The skull beneath the skin: Ghost Pains, by Jessi Jezewska Stevens, reviewed

Hell, according to Jean-Paul Sartre, is other people. Jessi Jezewska Stevens would nominate parties. Social catastrophe can stem from the invitation: ‘Email!’ she laments. ‘The way all modern tragedies begin.’ She homes in on the space between what a woman thinks and says and does. Her anti-heroines can be relied on to make wrong decisions – men, marriage, nipple-piercing and, of course, parties. The choice invariably ends in failure. Ghost Pains is a collection of 11 stories, sardonic and elegant, imbued with a sense of isolation and self-awareness. Stevens’s women throw spectacularly disastrous parties. And attend them. The result can be amusing for the reader while being grievous for the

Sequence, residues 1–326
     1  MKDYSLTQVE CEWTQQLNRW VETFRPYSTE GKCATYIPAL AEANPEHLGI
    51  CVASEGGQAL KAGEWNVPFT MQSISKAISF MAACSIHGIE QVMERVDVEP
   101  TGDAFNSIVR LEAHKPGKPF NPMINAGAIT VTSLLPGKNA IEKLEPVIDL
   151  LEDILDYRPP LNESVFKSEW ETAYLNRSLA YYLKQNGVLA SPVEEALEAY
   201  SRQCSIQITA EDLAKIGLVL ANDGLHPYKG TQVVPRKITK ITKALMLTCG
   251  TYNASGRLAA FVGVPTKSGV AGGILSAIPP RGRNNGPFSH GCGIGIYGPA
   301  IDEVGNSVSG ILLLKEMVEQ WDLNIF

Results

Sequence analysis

A study of isolation: The Late Americans, by Brandon Taylor, reviewed

The Late Americans, Brandon Taylor’s second novel, follows the lives of a group of friends living in Iowa City over the span of a year. Early on, Seamus, a poet completing his master’s degree, imagines an ‘indifferent God… squinting at them as they went about their lives on the circuits like little automata in an exhibit called The Late Americans’, and this is a fine description of the novel. Each character is the focus of a chapter, and we watch as Seamus, Fyodor, Ivan, Timo, Noah, Bea, Fatima and Daw’s lives overlap, in bars, seminar rooms and dance studios, while they negotiate their place in a world determined by their